There are hundreds of new releases each year at the movie theater. When you include international releases, that number skyrockets to the thousands. With so many movies being released around the year in a given year, I still haven't figured out the science behind a movie that sucks all the air out of the room. It certainly feels like "Joker" is that movie this year. "Joker" has been dissected, discussed and put under a microscope well before its release date. The movie is shrouded in controversy, with some people afraid, some people brave and some people have even been seriously at risk going to the theater over the weekend. DC fanboys have been acting like packs of wild hyenas, already throwing words like "masterpiece" and "Oscar-worthy" around this movie. I get it, DC fans are ready to one-up Marvel somehow, validate the comics they love. Even though, when you think about it, what does Marvel have to prove at this point?
Todd Phillips is truly a director of vast talent. I have to imagine he was under enormous pressure to get this thing right. I read that an early draft of the script leaked online and there were rumors that fluttered around that the script was re-written on set. It's clear Phillips did everything he could to make a great movie.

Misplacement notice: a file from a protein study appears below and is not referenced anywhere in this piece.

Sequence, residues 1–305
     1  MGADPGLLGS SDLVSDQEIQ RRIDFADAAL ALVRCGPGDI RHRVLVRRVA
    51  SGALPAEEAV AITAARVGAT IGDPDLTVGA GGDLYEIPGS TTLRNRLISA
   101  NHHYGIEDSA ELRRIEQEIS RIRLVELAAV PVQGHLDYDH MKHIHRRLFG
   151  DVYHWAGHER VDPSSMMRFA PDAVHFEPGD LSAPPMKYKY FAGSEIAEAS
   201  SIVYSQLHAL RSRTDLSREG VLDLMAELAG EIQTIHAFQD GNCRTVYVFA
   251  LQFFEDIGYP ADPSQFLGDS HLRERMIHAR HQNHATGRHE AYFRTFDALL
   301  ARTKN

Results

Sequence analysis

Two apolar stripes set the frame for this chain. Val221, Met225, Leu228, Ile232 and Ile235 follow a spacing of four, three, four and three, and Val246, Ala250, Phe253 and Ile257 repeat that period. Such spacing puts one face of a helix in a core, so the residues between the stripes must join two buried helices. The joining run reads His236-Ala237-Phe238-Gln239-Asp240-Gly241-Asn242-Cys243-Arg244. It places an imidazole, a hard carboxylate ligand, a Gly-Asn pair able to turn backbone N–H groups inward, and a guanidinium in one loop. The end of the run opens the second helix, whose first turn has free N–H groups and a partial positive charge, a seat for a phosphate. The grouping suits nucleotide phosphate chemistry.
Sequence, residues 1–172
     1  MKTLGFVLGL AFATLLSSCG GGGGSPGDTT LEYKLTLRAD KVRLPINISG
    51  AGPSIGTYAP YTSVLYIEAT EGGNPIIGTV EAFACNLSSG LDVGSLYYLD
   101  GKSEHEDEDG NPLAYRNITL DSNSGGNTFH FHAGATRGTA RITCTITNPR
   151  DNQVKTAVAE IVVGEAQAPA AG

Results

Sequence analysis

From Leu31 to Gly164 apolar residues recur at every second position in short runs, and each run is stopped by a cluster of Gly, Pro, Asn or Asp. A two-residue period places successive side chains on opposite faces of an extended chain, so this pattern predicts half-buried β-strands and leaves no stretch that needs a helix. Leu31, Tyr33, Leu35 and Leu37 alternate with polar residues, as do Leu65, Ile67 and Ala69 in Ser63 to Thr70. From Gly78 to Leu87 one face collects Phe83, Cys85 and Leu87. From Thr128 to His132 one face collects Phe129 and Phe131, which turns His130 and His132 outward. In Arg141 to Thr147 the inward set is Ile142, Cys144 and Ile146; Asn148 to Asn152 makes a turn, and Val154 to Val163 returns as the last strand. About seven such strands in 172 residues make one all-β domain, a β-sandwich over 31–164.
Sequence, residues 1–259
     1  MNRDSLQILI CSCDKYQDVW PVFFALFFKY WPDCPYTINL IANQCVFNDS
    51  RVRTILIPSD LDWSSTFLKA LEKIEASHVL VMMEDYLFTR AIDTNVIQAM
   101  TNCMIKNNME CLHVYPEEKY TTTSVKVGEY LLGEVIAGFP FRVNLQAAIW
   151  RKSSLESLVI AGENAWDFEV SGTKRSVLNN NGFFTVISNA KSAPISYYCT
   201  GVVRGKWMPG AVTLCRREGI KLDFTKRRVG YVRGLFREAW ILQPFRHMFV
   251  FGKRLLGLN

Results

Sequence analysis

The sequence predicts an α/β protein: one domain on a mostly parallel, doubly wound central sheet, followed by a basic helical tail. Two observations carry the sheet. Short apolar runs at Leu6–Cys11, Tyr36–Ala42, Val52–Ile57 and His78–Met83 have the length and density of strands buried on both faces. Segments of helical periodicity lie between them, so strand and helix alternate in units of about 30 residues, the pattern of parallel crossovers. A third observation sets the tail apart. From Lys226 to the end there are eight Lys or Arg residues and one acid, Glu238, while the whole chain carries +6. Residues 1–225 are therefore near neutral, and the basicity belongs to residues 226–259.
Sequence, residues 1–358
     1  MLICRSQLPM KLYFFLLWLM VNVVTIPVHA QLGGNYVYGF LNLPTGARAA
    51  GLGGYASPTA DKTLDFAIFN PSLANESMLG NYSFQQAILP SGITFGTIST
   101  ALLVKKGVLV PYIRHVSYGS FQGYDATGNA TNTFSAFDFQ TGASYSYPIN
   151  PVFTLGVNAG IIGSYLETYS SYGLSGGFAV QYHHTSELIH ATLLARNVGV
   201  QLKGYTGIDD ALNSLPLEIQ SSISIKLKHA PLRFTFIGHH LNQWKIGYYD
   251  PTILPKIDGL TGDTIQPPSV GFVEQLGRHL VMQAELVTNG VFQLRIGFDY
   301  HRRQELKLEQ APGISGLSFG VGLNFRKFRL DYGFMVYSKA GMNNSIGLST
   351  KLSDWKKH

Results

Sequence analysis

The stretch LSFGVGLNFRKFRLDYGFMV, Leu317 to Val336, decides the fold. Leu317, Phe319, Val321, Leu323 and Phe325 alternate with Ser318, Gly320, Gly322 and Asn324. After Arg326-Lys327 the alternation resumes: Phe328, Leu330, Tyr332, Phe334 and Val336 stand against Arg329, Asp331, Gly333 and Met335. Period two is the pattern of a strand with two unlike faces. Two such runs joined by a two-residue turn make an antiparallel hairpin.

The big question is, did Todd Phillips end up making a great movie?
I think a great movie just gets away from him.
Let's start with the good, because I wouldn't call "Joker" a total wash. Joaquin Phoenix is spectacular. I mean it, he's spectacular. He moves through much of this movie like a jolly ghost, lithe, manic. That wild laugh blasts out of his face like a screeching siren. At times, I actually had a hard time believing it was really Phoenix. His voice isn't the typical Phoenix voice. There are scenes that probably looked weird on the page that Phoenix turns into poetry. There's a moment after some violence where his character just stops and silently begins to dance by himself, its freakish and in another way brilliant to behold.
Now lets talk about the "darkness" of the movie. I came in expecting this movie to be shrouded in darkness. Two of my favorite Joker stories from the comics are "The Killing Joke" and Brian Azzerello's titled "Joker." They are both pretty dark stories right there, Joker has done some pretty horrendous stuff in his comic history. While "Joker" is a very dark experience, I don't think its anything extreme or draining. There are much worse movies out there, full of more depravity than you see here. If someone tries telling you this is the darkest movie ever, they are overselling you.
People are also going to be overselling you if they tell you that the "Joker" is at all a deep movie, or somehow important due to its political and social undertones, if you can even call them that. "Joker" spends lots of times tap-dancing around the important points it really wants to make, then by the end really has nothing to say about them. I am happy to say that "Joker" isn't the big remake of both "Taxi Driver" and "King of Comedy" that I was expecting, but it borrows enough from them that it feels shameless. And it never makes a single significant point about any of its important thoughts.